I noticed a link today on MSN that touted the Top 10 Most Useless Body Parts. They had me at “useless” so I had to check it out. I could have guessed some of the parts they perceived as useless. Parts like tonsils, adenoids and appendixes. Many argue that those parts are, in fact, useful. But clearly we can live without any or all of them. Some parts on the list were surprising and a bit odd.
For example, I was not aware of my plica semilunaris. You may not know it, but you have a third eyelid. Pull open the two more noticeable eyelids and take a look — it’s located right in the corner by the tear duct. That explains why I want to take a nap every afternoon. It is tough to hold all three eyelids open after lunch. Also on the list are sinuses. My wife would agree that sinuses are useless except to produce patience and longsuffering. Doctors don’t really know much about sinuses — only that we have a lot of them. Possibilities for their function range from insulating our eyes to changing the pitch and tone of our voice. The article determined that the arrector pili are also pretty much useless. The arrector pili make our hair stand up and gives us goose bumps. Also on the list are wisdom teeth. Before we advanced dental care our teeth tended to fall out. Therefore, when those reserve molars, aka “wisdom teeth,” came in, they were welcomed. Nowadays, fluoride and dental plans have made them just a huge pain.
The list was interesting but unconvincing. It seemed to me that most of the list was at least somewhat useful but not critical to survival. I thought about how the Bible describes every Christian as being part of the body of Christ. Thankfully archaeologists have not discovered stone tablets with a list of ten useless types of people in the body of Christ. On the contrary, Scripture makes it clear that every part of the body of Christ is vital to healthy function of the church.
I was reminded how might look in practice when I attended a Christmas concert featuring Christian artist Michael W.Smith. Michael has more musical talent in one arrector pili than I have in my entire body. And I confess that I entertained a bit of envy in the early part of the concert. I always wanted to be a musician but I never was willing to commit to that whole practice and hard work thing. And that seemed to slow my progress as a musical talent. Right after I moved past my talent deficit envy I happened to notice (really notice) something that happens at every concert and stage event. At the end of a stirring song a stagehand quietly and efficiently moved onto the stage, set up two microphones and left without fanfare.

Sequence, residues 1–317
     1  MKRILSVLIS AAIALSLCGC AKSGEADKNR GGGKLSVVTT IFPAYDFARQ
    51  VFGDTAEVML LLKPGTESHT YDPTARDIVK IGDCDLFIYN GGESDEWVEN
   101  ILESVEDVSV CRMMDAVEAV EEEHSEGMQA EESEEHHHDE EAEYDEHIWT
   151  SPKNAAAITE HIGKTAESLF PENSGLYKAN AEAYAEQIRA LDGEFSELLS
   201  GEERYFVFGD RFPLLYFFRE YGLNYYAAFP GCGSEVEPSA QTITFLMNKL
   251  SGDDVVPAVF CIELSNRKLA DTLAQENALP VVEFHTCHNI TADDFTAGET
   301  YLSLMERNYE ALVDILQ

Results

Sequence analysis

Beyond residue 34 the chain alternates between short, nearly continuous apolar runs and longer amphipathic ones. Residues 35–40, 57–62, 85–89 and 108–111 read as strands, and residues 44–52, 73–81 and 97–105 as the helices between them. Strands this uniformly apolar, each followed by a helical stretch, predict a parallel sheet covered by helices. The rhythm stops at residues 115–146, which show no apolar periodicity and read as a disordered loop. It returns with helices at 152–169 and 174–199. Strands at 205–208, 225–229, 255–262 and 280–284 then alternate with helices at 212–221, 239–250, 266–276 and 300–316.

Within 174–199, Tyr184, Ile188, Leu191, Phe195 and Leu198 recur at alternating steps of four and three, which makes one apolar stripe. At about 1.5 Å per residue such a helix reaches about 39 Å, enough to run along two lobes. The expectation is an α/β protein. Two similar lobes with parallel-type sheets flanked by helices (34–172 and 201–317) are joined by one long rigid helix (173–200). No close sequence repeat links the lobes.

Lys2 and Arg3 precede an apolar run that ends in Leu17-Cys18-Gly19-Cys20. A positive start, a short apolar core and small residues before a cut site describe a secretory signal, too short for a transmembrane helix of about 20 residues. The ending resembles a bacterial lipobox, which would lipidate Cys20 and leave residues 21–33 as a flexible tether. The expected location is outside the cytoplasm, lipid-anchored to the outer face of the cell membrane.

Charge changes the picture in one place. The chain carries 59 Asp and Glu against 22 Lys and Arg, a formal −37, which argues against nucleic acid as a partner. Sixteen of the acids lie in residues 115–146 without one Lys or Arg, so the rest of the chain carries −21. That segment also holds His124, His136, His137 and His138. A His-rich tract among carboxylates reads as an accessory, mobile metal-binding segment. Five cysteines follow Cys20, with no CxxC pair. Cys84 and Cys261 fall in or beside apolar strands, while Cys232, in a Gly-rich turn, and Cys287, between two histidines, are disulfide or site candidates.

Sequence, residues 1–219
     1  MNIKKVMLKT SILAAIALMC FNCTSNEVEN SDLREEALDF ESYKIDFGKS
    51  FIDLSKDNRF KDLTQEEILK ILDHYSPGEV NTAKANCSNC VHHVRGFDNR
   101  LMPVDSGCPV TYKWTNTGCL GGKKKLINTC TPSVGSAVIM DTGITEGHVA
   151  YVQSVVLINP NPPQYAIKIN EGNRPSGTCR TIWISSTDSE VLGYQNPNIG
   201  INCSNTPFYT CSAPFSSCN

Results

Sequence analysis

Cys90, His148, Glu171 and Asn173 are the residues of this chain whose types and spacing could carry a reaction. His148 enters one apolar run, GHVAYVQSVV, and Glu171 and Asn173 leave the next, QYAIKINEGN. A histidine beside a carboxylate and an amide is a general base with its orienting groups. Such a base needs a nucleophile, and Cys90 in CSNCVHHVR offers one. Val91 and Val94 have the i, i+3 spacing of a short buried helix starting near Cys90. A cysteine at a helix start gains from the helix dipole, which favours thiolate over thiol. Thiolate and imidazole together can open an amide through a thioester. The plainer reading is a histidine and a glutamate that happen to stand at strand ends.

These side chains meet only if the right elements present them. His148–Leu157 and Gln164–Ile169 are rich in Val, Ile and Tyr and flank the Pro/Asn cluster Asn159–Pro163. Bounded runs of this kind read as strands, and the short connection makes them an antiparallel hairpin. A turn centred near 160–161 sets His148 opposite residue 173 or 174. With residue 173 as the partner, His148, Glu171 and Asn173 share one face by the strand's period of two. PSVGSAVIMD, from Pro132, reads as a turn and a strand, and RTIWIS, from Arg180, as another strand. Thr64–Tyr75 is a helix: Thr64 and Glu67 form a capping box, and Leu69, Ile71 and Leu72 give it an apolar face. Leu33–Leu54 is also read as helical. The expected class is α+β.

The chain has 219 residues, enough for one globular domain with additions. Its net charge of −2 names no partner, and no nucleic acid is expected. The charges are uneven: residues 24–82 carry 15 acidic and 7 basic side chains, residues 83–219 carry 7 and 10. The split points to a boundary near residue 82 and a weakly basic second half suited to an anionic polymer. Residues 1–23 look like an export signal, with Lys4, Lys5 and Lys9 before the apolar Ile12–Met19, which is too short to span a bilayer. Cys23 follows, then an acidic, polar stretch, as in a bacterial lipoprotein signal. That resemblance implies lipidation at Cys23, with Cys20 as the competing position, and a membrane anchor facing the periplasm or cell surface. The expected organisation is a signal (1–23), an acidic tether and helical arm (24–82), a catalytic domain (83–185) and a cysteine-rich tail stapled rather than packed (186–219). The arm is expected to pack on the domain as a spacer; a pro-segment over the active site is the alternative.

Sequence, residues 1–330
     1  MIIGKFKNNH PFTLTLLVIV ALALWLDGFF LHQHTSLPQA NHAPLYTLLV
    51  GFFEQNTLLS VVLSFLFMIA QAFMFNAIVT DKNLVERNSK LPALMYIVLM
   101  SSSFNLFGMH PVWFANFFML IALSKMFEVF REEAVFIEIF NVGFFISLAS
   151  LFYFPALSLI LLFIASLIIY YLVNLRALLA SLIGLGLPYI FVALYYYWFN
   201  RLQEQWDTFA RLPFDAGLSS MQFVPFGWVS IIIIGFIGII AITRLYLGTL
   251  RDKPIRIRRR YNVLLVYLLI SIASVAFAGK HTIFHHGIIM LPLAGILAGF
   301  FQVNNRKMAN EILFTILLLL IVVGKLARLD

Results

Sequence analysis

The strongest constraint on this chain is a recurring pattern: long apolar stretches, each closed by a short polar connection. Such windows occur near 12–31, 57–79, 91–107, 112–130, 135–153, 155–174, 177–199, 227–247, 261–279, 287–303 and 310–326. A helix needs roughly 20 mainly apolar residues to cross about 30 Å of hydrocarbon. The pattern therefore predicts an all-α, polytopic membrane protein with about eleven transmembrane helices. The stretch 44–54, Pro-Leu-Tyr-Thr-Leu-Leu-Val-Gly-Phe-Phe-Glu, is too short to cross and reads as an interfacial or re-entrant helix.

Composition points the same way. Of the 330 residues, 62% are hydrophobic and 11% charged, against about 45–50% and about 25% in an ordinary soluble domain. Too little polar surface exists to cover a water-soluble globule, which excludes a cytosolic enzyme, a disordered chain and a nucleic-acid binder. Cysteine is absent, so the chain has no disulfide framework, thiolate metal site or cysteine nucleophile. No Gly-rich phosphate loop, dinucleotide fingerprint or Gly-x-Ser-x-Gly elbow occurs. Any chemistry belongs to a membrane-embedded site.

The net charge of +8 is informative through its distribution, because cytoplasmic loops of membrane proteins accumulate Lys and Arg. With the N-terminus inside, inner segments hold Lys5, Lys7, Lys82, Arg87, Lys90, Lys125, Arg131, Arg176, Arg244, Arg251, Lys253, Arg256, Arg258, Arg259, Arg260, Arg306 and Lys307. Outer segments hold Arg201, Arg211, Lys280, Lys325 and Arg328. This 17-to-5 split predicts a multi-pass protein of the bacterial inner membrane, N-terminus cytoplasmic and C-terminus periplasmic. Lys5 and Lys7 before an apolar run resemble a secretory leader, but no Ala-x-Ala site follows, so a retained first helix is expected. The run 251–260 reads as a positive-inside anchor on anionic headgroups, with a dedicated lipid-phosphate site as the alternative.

And it occurred to me that his small role in this gigantic production was enormously important. The next event was Smith reading the Christmas account from Scripture as a musician accompanied his narration. Because of the unnoticed stagehand the transition was seamless and the effect was powerful. No one applauded the stagehand. He might have felt unappreciated. He might have envied the acclaim that Michael W.Smith receives. He might have noticed that the audience applauded the arrival of the first chair violinist and the conductor. He might have wished for the rousing applause reserved for the other vocalists and the instrumental soloists.
But I kept thinking about the stagehand who carefully set the mikes in exactly the right place. I thought about the dozens of unseen technicians that made a magical evening of music happen. Incredibly vital people who did their jobs without a single moment of public adoration. And I think that is what Paul is saying when he talks about how the body of Christ should function. God always sees the stagehand that humbly does his part. God values the technician who makes the music happen without personal recognition. I believe that God would view that stagehand’s seemingly insignificant contribution as being every bit as important as the people in the spotlight when that small role is offered with worship.
In Paul’s letter to the Corinthians he wrote about the distribution of spiritual gifts.
But our bodies have many parts, and God has put each part just where he wants it. How strange a body would be if it had only one part! Yes, there are many parts, but only one body. The eye can never say to the hand, “I don’t need you.” The head can’t say to the feet, “I don’t need you.” In fact, some parts of the body that seem weakest and least important are actually the most necessary.
I realize that I am prone to say it is all about Him and then get upset if no one notices me. So who is it really all about? If my service is for Him I am confident that God takes note. Should it really matter if anyone else does? I am the first to confess that such notice is nice and appreciated. But should it really matter?
If one part suffers, all the parts suffer with it, and if one part is honored, all the parts are glad. All of you together are Christ’s body, and each of you is a part of it.
I am not always glad when another part of the body is honored. How quickly I forget the unmerited gift of grace. If we really comprehended what that meant would we ever question what is in it for me? It is so obvious that I have been given so many gifts of grace whether I gain kudos or not. As I meditate on that today I pray that I will choose to praise God and be content even if He asks me to be the anonymous stagehand that no one ever applauds. My part (and yours) is vital even if it seems no one notices. The truth is that the most important observer does notice. So if you are feeling like a third eyelid or a goose bump just remember this. You are a child of God imputed with His righteousness. You are a saint and you have a new identity rooted in Christ Himself. With a bio like that your role should not define you.